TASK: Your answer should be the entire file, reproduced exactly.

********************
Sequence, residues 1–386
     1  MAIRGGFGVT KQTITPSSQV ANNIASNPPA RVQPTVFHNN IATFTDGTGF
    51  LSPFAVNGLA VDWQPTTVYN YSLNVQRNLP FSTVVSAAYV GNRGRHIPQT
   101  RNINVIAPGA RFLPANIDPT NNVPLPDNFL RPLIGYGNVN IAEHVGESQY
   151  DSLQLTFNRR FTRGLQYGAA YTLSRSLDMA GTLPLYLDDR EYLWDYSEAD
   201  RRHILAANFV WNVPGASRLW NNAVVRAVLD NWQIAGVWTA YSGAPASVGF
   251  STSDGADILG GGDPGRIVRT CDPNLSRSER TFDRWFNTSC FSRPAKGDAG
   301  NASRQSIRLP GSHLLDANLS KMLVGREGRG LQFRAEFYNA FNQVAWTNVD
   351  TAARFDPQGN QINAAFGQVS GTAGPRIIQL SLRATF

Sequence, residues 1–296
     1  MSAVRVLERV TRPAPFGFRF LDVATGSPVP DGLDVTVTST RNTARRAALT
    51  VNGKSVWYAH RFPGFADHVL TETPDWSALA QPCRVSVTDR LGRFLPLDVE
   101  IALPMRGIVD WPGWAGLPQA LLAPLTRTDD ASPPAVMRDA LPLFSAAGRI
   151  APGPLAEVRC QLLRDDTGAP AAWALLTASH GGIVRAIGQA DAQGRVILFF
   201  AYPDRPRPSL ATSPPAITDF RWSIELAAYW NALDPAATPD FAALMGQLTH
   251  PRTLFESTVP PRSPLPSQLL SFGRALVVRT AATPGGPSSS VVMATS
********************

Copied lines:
Sequence, residues 1–386
     1  MAIRGGFGVT KQTITPSSQV ANNIASNPPA RVQPTVFHNN IATFTDGTGF
    51  LSPFAVNGLA VDWQPTTVYN YSLNVQRNLP FSTVVSAAYV GNRGRHIPQT
   101  RNINVIAPGA RFLPANIDPT NNVPLPDNFL RPLIGYGNVN IAEHVGESQY
   151  DSLQLTFNRR FTRGLQYGAA YTLSRSLDMA GTLPLYLDDR EYLWDYSEAD
   201  RRHILAANFV WNVPGASRLW NNAVVRAVLD NWQIAGVWTA YSGAPASVGF
   251  STSDGADILG GGDPGRIVRT CDPNLSRSER TFDRWFNTSC FSRPAKGDAG
   301  NASRQSIRLP GSHLLDANLS KMLVGREGRG LQFRAEFYNA FNQVAWTNVD
   351  TAARFDPQGN QINAAFGQVS GTAGPRIIQL SLRATF

Sequence, residues 1–296
     1  MSAVRVLERV TRPAPFGFRF LDVATGSPVP DGLDVTVTST RNTARRAALT
    51  VNGKSVWYAH RFPGFADHVL TETPDWSALA QPCRVSVTDR LGRFLPLDVE
   101  IALPMRGIVD WPGWAGLPQA LLAPLTRTDD ASPPAVMRDA LPLFSAAGRI
   151  APGPLAEVRC QLLRDDTGAP AAWALLTASH GGIVRAIGQA DAQGRVILFF
   201  AYPDRPRPSL ATSPPAITDF RWSIELAAYW NALDPAATPD FAALMGQLTH
   251  PRTLFESTVP PRSPLPSQLL SFGRALVVRT AATPGGPSSS VVMATS